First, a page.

What does a smart learning customer look like?

By Rob MacAllister

5 minute read

There is a perfect customer. One that’s poised for change and has the structures in place to make it happen. But they’re rare. And that’s one of the reasons that companies like Filtered have customer success teams. It’s not simple to bring in a smart LXP, but it’s the Success team’s job to make it feel that way.

It’s also our job to align how a client works with the template of the perfect customer. Or working out solutions when they’re different. Within this, there’s a lot of room for individuality - every company has different needs and it would be counterproductive to shove them all into the same box.

However, from our experience, we’ve found recurring features that mark out companies and learning teams that get the best out of learning experience platforms. This list is useful for both learning leaders and providers because it shows what the perfect conditions are within a company to make digital learning deliver.

4 golden criteria that separate the best from the rest 

Learning goals tethered to strategy 

Businesses that want to learn for the sake of it are rarely successful. The ones that work have a clear aim - they bought the LXP to align with a business initiative. They shouldn’t just want to upskill, they need to ask themselves “why?”

If learning goals are tied to a specific business strategy it’s far easier to agree on effective skills frameworks and content tags. This, in turn, makes the learning you put in front of your people more productised and targeted.

Learning initiatives are also more likely to inspire engagement and buy-in at multiple levels of an organisation if there’s a tangible business goal to reach.

Accountable success metrics

There also needs to be a way to measure success. Sometimes it can be as simple as “I want this learning to improve X person’s sales by 10%”. But it’s not always easy to quantify learning results.

Even if the results aren’t just numbers (and numbers rarely tell the whole picture with learning) there are other ways to measure whether your learning initiative is making a difference.

By benchmarking a set of skills and having a process in place (even just weekly individual check-ins) companies can create a system of accountability around set goals. This makes it easier to measure the business impact an LXP is having, which helps learning departments sell it to higher levels of the business. It also gives us the data to constantly adjust for the greatest impact.


Of course having a big budget smooths the way for learning departments. They have more influence and can set bigger initiatives in motion.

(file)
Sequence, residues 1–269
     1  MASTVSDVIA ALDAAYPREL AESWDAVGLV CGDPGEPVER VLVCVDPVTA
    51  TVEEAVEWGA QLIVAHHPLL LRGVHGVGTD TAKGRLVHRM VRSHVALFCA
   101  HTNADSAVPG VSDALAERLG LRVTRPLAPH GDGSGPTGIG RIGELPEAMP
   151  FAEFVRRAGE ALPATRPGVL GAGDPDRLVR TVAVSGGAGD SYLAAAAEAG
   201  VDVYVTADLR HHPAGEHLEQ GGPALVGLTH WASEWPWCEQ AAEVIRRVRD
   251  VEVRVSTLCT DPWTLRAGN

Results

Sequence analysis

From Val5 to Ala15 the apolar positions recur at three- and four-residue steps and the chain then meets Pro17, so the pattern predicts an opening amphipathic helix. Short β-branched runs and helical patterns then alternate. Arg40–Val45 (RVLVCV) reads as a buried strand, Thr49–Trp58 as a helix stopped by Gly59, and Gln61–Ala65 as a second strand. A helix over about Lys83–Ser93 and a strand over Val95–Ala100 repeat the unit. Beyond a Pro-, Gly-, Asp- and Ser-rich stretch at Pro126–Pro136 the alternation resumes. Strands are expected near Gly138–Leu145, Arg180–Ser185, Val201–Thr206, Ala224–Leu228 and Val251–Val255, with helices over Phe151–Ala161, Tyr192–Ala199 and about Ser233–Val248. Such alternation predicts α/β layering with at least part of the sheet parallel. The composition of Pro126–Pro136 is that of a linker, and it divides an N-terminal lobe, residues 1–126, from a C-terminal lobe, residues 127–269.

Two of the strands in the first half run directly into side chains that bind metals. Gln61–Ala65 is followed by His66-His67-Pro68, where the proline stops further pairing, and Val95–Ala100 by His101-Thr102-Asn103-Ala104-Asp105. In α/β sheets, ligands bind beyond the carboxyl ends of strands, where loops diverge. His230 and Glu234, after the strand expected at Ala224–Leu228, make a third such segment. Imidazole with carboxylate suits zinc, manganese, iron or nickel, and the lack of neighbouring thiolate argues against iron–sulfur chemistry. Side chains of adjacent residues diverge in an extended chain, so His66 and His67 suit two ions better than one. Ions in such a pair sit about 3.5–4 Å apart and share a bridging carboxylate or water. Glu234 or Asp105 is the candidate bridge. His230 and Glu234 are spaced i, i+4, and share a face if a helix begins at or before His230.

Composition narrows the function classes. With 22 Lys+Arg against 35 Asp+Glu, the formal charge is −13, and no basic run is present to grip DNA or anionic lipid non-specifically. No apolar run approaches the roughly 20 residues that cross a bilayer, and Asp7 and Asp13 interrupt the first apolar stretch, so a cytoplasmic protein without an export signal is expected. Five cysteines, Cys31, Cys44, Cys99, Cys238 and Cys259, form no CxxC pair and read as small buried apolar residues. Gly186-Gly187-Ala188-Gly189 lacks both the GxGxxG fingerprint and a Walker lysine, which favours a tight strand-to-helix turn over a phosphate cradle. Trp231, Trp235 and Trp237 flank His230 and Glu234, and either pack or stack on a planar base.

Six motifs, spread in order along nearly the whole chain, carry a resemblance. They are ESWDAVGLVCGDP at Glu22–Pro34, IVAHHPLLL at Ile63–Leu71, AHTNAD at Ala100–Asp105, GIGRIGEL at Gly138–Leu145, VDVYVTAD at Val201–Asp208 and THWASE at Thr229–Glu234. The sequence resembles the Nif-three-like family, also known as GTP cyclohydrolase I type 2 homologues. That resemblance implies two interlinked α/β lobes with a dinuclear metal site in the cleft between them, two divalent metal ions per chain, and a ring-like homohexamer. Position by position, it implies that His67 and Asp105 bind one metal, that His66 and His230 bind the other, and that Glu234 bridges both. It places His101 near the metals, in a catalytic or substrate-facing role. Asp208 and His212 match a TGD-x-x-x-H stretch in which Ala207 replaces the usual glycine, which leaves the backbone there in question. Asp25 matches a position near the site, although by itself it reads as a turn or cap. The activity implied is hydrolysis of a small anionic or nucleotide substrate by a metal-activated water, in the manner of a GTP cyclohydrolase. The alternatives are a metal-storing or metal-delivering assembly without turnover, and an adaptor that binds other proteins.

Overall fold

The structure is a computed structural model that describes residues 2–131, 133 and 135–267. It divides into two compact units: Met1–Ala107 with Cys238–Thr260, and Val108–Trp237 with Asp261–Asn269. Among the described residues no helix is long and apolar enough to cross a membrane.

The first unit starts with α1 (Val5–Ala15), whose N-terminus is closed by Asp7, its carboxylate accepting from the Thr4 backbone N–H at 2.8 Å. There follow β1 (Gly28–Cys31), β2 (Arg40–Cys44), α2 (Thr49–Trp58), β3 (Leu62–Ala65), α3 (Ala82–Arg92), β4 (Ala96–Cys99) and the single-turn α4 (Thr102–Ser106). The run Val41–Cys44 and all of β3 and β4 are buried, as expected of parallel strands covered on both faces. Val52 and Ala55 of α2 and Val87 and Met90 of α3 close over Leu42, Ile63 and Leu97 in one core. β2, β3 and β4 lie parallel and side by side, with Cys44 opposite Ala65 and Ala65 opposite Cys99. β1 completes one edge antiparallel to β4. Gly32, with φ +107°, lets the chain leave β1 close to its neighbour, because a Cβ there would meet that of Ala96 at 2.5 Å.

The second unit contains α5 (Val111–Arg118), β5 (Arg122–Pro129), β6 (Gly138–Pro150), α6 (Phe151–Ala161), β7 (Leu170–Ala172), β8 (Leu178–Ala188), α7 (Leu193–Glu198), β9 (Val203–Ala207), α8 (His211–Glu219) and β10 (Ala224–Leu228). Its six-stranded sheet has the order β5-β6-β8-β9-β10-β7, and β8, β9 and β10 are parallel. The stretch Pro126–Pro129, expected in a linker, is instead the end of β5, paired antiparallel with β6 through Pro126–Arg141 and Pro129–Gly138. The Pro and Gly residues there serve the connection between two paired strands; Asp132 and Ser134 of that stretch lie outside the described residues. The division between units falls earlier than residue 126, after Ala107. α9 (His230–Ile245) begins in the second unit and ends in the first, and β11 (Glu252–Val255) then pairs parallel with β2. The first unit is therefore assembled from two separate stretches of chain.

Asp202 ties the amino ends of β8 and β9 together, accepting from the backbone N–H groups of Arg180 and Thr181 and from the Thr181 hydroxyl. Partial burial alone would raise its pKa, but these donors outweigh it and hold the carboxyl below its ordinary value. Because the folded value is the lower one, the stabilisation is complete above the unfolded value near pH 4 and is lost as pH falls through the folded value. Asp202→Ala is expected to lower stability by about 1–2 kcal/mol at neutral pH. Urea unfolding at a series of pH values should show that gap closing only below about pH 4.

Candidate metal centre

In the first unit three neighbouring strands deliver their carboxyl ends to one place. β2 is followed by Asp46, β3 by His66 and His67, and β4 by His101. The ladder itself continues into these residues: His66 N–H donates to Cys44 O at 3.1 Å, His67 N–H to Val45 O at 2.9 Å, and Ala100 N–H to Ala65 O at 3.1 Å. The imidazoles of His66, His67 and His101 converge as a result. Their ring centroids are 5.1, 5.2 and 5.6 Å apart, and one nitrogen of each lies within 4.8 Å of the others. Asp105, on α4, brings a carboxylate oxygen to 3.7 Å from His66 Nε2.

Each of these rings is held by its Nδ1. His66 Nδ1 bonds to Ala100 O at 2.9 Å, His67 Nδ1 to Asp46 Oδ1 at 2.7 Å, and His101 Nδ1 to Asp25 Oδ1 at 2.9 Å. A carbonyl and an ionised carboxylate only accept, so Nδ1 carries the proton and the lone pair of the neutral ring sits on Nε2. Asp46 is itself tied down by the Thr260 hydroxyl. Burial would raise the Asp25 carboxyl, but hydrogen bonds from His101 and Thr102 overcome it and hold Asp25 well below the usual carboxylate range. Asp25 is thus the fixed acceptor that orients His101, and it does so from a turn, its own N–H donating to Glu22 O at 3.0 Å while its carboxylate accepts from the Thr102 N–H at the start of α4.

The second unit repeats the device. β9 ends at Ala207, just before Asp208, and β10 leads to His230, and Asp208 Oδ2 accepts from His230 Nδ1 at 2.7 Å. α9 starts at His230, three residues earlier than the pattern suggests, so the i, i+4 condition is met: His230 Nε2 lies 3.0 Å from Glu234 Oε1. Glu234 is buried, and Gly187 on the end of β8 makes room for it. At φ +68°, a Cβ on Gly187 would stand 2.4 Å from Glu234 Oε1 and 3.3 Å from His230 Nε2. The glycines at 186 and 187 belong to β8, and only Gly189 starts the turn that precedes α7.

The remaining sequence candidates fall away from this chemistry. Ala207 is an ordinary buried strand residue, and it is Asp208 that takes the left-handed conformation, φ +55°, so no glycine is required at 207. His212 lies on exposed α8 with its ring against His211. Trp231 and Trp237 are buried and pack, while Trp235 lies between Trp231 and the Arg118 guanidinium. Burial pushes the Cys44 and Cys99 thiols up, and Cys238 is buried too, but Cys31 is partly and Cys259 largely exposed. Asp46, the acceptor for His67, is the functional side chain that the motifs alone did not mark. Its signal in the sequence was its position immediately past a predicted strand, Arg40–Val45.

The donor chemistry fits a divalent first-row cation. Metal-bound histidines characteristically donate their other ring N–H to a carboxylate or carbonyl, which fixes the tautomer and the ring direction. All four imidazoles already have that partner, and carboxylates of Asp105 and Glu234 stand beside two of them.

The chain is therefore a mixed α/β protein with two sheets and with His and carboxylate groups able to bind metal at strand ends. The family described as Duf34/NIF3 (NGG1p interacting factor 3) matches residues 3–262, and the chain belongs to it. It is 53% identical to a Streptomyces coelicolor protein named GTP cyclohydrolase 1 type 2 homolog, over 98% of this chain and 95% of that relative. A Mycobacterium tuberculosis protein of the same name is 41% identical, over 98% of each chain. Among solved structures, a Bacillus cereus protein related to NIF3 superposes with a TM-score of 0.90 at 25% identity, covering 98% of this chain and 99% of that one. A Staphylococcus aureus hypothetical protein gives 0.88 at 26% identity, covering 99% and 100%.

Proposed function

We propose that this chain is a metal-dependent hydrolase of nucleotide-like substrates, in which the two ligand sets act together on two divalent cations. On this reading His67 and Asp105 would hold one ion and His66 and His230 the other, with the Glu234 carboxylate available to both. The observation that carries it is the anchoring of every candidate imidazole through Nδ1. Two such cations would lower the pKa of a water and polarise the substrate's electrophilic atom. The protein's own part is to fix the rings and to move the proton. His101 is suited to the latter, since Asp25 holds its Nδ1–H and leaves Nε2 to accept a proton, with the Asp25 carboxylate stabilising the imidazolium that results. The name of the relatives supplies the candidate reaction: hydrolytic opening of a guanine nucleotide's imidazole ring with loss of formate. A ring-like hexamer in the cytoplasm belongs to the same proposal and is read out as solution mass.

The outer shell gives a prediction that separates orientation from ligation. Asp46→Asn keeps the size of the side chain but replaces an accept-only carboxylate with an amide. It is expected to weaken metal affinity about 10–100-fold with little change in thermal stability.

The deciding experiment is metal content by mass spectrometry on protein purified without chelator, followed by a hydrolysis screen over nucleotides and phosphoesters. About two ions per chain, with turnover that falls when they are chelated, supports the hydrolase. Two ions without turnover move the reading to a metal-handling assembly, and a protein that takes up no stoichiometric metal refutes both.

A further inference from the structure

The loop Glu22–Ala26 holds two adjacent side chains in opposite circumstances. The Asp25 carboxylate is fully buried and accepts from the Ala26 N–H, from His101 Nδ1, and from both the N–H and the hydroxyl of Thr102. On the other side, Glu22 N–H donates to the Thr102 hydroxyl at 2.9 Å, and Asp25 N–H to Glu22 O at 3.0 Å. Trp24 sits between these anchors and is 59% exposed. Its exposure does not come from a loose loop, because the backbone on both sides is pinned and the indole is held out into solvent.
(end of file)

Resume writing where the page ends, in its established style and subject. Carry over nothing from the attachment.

However, what’s just as important - and can mitigate even a limited budget - is communication capability. If learning departments have the right connections, and the means to communicate en masse, they can wield influence organically without having to spend.

The best suited departments for digital learning are those that can directly communicate with the business without having to check in with marketing/comms teams. Or if they do, they have a great relationship with them.

Being able to send regular, company wide emails, without unnecessary delays allows learning departments to efficiently respond to changing external circumstances, as well as their learners’ needs. This flexibility is best compatible with the agility an LXP provides.

Other communications software is a good sign. If learning departments have a presence on instant communications platforms like Slack or MS Teams, we can help them conduct multi-channel nudge campaigns to amplify engagement. And, they’re fertile ground for flow-of-work integrations.

We’ve found that learning departments in enterprise companies need relationships to spread learning far enough to make an impact. If a centralised learning department based in the UK wants to launch an initiative in Egypt, the learning manager must have a good relationship with the leader in Egypt for it to get off the ground. In a more digitised environment, personal connections are as much of a factor as geography.

CEO buy-in

If a leading part of the business is invested in a learning initiative, a lot of stumbling blocks disappear. Learning departments often find it hard to get engagement with their communications. This is less likely when the CEO’s name is attached.